Analysis In a mild PR flash, Google engineers this month insisted that the ad giant's startling Chrome browser extensions did not block ads. Instead, Google should make the plugins safer. These engineers have more to do than they seem.
Aside from Google's public submissions about the revenue threat of web ad blocking and the measures the company has taken in the Google Play Store to limit the disruption of the mobile app Advertising: The Internet Goliath has reason to be Chrome Extension ecosystem to revise – because it is as fragile as a house of cards.
Google insists that the number of malicious extension installations has dropped 89 percent since early 201
Chrome extensions are obviously useful for developers and users. You can improve privacy, add features, and enhance the browsing experience. But they are so powerful that they can easily be misused, and the security process that Google has set up for the Chrome Web Store is not a breeze.
Google: We do not kill ad blockers. Translation: We have made them too powerful, we will stuff this spirit back into the bottle.
The main issue is that Chrome Extensions can undo the security model of the browser and retrieve sensitive data. One reader on this topic suggested that people who truly understood, such as full Chrome extensions, receive a CVE rating of 10.0 and are excluded from business.
This may be an exaggeration, considering that the API at The center of this mess, in particular the blocking feature of the
webRequest API, will continue to be available to companies upon completion of the pending platform renewal, as this is so useful.
Raymond Hill, developer of uBlock Origin, disagrees with this characterization because the ability to change headers is in itself part of the design of the
webRequest API – no mistake.
"There is no CVE issue here because the extensions are opt-in, and what they can do is given to the users who decide to install it," he said in an email to The Register .
However, Google's platform decisions have implications for security. And Mozilla's too, since Firefox also supports the
webRequest API for add-ons (aka extensions).
At the SecTor Security Conference in Canada last October – coincidentally the same month in which Google announced its Chrome Extensions revision plan, known as Manifesto v3 – Lilly Chalupowski, developer of security applications at GoSecure, held a presentation titled The Chrome Crusader.
Chalupowski demonstrated that Chrome extensions can remove HTTP headers, including security headers. of website interactions. The result is that it is trivial to develop an extension that violates the same-origin security model of the browser.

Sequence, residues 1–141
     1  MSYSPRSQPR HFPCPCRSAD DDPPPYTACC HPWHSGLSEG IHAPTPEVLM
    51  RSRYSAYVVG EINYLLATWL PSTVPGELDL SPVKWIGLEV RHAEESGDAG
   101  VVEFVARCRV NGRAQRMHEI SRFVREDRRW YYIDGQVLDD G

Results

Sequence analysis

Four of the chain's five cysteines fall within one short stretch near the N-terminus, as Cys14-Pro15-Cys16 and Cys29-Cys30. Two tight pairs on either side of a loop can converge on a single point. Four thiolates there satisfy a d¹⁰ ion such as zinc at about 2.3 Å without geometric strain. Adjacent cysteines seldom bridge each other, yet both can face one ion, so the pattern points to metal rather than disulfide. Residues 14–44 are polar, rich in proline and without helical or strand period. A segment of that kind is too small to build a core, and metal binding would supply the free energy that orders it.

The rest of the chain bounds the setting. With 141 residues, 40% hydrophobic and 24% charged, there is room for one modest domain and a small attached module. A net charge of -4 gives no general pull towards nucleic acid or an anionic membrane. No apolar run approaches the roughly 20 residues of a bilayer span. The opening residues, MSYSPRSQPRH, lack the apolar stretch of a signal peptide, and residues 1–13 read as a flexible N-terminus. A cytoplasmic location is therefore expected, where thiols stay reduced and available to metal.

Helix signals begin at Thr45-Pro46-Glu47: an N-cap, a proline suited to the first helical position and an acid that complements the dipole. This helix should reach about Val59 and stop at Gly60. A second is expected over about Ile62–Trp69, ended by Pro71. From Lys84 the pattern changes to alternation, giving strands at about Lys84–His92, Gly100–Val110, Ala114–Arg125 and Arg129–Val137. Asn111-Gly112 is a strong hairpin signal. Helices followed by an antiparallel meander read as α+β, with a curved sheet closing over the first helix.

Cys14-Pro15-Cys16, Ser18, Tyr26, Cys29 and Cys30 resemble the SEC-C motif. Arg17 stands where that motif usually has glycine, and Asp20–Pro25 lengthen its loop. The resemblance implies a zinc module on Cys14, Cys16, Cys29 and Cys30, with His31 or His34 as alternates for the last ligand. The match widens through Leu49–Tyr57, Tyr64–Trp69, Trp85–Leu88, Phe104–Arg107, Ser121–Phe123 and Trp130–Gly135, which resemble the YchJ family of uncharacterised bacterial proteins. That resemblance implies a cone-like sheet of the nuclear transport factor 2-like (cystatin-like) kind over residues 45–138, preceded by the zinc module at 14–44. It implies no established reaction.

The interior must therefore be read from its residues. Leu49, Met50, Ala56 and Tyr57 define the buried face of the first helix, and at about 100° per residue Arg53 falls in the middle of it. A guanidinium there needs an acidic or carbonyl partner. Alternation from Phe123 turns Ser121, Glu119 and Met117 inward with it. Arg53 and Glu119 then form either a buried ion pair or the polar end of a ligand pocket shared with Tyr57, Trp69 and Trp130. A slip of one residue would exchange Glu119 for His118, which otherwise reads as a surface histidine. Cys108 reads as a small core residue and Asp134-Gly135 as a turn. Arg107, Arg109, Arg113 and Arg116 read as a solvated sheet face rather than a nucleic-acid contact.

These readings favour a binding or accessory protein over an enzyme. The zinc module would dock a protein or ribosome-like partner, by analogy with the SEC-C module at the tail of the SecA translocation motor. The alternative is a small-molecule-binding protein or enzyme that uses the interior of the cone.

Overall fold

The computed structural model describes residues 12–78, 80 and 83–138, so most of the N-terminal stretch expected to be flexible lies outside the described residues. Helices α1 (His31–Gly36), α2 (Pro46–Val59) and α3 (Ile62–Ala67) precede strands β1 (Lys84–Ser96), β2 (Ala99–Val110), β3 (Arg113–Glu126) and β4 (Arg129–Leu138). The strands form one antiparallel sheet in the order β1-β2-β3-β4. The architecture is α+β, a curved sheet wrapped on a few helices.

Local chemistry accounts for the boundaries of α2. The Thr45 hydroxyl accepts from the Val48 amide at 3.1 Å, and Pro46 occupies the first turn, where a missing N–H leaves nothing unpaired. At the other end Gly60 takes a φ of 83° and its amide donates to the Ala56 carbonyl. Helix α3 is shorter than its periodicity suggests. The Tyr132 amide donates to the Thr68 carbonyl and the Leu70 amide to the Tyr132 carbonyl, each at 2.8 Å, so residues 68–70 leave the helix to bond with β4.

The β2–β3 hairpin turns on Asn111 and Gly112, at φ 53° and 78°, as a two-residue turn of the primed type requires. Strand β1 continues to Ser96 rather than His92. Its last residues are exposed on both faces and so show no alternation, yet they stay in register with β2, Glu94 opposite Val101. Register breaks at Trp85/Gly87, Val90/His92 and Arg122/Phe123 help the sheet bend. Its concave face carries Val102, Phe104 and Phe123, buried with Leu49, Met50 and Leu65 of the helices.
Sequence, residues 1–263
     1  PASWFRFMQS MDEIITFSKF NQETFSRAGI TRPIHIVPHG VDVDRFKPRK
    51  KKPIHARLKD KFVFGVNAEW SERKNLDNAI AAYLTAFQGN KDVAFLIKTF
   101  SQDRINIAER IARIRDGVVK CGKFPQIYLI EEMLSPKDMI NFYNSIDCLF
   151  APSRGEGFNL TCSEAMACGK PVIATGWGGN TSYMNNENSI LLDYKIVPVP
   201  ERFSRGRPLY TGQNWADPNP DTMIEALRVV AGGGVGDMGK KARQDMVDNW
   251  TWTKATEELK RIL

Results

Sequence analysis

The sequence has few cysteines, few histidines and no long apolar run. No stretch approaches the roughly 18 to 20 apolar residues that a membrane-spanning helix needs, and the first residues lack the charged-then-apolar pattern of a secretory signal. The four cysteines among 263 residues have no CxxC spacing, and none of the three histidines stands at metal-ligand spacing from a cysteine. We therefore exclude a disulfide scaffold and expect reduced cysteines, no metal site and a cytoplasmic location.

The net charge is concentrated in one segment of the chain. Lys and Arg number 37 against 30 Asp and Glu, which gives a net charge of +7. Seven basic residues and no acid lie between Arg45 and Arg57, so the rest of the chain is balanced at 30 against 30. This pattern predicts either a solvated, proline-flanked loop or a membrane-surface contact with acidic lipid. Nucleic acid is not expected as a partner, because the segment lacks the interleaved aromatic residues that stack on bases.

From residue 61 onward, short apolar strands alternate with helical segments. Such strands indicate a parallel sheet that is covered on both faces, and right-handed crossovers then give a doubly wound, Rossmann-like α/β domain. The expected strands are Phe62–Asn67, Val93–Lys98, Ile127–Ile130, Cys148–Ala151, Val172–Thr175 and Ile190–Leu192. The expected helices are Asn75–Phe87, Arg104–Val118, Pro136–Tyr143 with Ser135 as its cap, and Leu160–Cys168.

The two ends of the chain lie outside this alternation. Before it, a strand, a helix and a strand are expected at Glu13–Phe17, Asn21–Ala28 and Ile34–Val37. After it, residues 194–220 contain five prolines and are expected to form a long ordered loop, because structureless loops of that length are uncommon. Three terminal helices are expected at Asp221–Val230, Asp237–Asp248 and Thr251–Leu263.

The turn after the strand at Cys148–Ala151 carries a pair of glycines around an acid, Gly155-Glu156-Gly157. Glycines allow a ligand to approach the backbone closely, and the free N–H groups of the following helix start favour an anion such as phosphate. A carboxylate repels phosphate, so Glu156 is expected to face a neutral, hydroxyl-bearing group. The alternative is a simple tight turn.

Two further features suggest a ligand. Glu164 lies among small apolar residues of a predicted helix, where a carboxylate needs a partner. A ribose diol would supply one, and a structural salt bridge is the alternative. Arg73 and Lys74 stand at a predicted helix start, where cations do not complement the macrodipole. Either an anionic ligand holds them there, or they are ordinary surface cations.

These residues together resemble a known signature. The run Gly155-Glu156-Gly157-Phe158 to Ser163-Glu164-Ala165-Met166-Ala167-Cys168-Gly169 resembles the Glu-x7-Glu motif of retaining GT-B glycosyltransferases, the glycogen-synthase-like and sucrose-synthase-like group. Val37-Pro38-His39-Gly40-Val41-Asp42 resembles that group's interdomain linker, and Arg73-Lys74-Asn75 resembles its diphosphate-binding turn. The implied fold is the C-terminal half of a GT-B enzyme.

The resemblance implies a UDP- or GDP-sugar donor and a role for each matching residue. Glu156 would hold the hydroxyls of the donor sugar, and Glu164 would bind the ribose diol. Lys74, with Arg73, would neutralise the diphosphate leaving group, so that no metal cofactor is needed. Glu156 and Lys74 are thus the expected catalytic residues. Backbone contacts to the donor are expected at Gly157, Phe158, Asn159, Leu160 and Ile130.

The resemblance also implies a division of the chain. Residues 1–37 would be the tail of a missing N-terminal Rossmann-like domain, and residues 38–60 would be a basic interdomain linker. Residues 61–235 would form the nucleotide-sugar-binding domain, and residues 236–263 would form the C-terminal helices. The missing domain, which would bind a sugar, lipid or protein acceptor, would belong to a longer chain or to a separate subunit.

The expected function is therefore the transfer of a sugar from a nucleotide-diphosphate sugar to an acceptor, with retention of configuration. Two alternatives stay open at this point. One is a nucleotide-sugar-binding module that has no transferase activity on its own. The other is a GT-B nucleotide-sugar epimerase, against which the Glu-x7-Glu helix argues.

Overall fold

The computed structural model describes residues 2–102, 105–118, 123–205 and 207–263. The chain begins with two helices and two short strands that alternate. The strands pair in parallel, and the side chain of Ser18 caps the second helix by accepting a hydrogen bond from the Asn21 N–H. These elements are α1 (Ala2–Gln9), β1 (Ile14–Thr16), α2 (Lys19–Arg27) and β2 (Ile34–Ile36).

As she wrote in a telephone interview with The Register "Injection is a feature."
"If you have an injection as a feature, then you have to worry," Chalupowski said, "especially when you pass functions to change secure headers on the fly and literally change them the way you want. "  During their demonstration, Chalupowski showed how to make a simple Chrome extension that interacts with the local Flask Command and Control server running for the demo to steal passwords from an online banking site.
Looks for malicious extensions, but Chalupowski suggested that some types of offenders could prevent detection.
Chalupowski has published PoC code on GitHub. Register has not yet determined if changes made to Chrome since the first release of the PoC code affect its functionality.
"uBlock Origin and others use this feature to change good-for-purpose headers" For security reasons, "she said," while using the same features in Chrome and Firefox for malicious purposes. "
And that's where Problem: A developer with good intentions can create extension code that is beneficial, and a bad-faith developer can use the code. The same API to misuse trust and steal information.
In 2010, when the
webRequest API, there was some discussion on the implications for privacy and security, but this was not the overriding concern. "The design document mentions the problem in passing:
Chrome Extensions used to be even more open. Hills announced that in 2013 Chrome extensions already added the network requirements of other extensions to the
webRequest API could see. It was a useful but also abusive feature and was therefore removed.
Google may need to reduce the risk of
webRequest but among those who are developing extensions, there is hope that the price of security is not right. & # 39; t Ineffective content blocking and below-average data protection controls.
Hill believes that Google should implement a more sophisticated authorization model for solving CORS and CSP headers. In this way, extensions that require specific features can request them directly instead of settling for a less powerful API. He also suggested that Google could deny
webRequest API access to a wider range of request heads, as it does in some cases.
"Chalupowski said," Changing that, "she said," is nothing but good news for users. "
For developers and users who are able to make responsible decisions about the software they install , this is a bit more complicated. ®